World Court to decide on jurisdiction after February 2019 – Greenidge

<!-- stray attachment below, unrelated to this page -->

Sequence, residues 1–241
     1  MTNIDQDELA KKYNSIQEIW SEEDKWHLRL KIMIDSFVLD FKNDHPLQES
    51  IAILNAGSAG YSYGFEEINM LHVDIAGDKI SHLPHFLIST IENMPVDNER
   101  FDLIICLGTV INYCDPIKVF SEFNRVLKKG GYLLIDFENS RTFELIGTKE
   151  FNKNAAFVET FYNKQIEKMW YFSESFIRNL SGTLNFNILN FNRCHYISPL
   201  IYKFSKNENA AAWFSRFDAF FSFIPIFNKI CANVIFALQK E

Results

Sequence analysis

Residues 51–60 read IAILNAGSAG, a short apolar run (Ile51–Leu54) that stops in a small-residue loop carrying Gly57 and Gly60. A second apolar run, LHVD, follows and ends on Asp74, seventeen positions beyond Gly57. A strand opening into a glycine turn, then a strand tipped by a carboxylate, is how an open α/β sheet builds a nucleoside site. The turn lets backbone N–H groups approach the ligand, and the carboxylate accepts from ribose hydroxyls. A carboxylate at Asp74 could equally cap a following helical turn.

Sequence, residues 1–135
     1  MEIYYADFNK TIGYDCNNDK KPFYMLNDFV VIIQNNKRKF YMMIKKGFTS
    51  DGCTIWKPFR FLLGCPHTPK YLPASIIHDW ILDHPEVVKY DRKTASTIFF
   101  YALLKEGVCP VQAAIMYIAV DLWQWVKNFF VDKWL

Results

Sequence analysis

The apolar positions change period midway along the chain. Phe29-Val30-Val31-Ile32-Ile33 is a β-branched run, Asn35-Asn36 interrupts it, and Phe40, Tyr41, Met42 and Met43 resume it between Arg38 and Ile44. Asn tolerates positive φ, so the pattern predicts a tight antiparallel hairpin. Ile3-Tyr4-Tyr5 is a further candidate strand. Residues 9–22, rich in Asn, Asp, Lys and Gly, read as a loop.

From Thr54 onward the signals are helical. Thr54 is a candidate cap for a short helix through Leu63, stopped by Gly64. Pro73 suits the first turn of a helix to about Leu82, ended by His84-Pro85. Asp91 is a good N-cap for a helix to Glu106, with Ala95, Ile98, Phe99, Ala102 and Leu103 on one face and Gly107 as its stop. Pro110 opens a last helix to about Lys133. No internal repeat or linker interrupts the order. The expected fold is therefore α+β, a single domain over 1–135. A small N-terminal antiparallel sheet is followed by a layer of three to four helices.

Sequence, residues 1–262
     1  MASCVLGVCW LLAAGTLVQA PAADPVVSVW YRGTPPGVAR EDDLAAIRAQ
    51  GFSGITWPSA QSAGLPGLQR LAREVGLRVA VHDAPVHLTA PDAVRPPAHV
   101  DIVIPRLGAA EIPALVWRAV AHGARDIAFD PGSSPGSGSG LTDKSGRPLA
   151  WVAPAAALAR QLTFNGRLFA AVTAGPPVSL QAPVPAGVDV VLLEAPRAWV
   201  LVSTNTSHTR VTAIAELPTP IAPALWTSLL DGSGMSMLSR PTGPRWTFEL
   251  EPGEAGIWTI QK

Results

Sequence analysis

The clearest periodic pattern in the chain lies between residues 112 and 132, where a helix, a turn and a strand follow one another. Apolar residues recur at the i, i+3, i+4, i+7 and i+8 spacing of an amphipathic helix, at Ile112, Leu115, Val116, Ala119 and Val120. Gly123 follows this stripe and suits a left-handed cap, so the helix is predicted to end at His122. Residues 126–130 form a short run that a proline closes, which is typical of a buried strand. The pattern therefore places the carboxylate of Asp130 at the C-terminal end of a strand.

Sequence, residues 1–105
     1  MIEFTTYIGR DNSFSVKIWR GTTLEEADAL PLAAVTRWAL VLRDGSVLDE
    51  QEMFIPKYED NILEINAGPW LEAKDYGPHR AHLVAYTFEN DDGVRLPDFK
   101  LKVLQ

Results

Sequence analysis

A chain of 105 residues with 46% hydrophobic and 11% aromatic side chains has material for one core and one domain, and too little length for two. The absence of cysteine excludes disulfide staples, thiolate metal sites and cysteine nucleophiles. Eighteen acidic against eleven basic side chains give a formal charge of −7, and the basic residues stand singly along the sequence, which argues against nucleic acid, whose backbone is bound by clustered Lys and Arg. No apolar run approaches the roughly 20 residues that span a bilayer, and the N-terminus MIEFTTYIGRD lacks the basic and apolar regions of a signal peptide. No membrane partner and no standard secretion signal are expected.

first_imgGuyana-Venezuela border controversy– Ministry launches PSAs to increase awareness The International Court of Justice (ICJ) will early next year make a determination on whether or not it is its jurisdiction to hear the matter relating to the Guyana-Venezuela border controversy.This was related by Foreign Affairs Minister Carl Greenidge who disclosed on Thursday that the delay was based by an objection by the Bolivarian Republic which said it “does not recognise” the ICJ’s jurisdiction.“It will be sometime after February next year that the court will decide on jurisdiction,” the Foreign Affairs Minister posited.Greenidge said after such time, the court will proceed with the substantive case which could be heard in two years’ time.In the meantime, the Foreign Affairs Ministry collaborated with the Education Ministry and launched two Public Service Announcements (PSAs) on the Guyana-Venezuela border controversy. This seeks to inform and update the public on the ongoing matter which is currently gaining the attention of the ICJ in Hague, The Netherlands. The PSAs are available on Facebook and YouTube and will soon be broadcast on television in the near future.Venezuela claims the entire Essequibo region but according to Guyana’s application to the World Court, for more than 60 years Venezuela had consistently recognised and respected the validity of the binding force of the 1899 Award and the 1905 map agreed by both sides in furtherance of the award.On March 29, 2018, Guyana filed an application requesting the World Court to confirm the legal validity and binding effect of the 1899 Arbitral Award regarding its boundary with Venezuela. This application followed a decision by the UN Secretary General earlier this year in choosing the ICJ as the next means of resolving the controversy that arose as a result of the Venezuelan contention that the Arbitral Award of 1899 about the frontier between British Guiana and Venezuela was null and void.The court documents noted that while Venezuela has never produced any evidence to justify its belated repudiation of the 1899 Award, the neighbouring country has used it as an excuse to occupy territory awarded to Guyana in 1899, to inhibit Guyana’s economic development, and to violate Guyana’s sovereignty and sovereign rights.In filing the application, Foreign Affairs Minister Carl Greenidge, who will serve as Guyana’s agent in the proceedings before the ICJ, said: “… Guyana has respected the Secretary General’s decision and placed its faith in the International Court of Justice to resolve the controversy in accordance with its statue and jurisprudence, based on the fundamental principles of international law, including the sanctity of treaties, the maintenance of settled boundaries and respect for the sovereignty and territorial integrity of States.”On January 30, 2018, Secretary General Antonio Guterres, concluded that the Good Offices Process – which the parties had engaged in for almost 30 years, but failed to achieve a solution to the controversy – and chose the ICJ as the next means of settlement, for which Guyana has long been advocating. United States oil giant ExxonMobil had announced back in May 2015 that it had found oil offshore Guyana. Venezuela has staunchly been against oil exploration in Guyana’s Stabroek Block, where multiple oil deposits were found by ExxonMobil, and has since renewed claims to the Essequibo region. (Shemuel Fanfair)last_img read more

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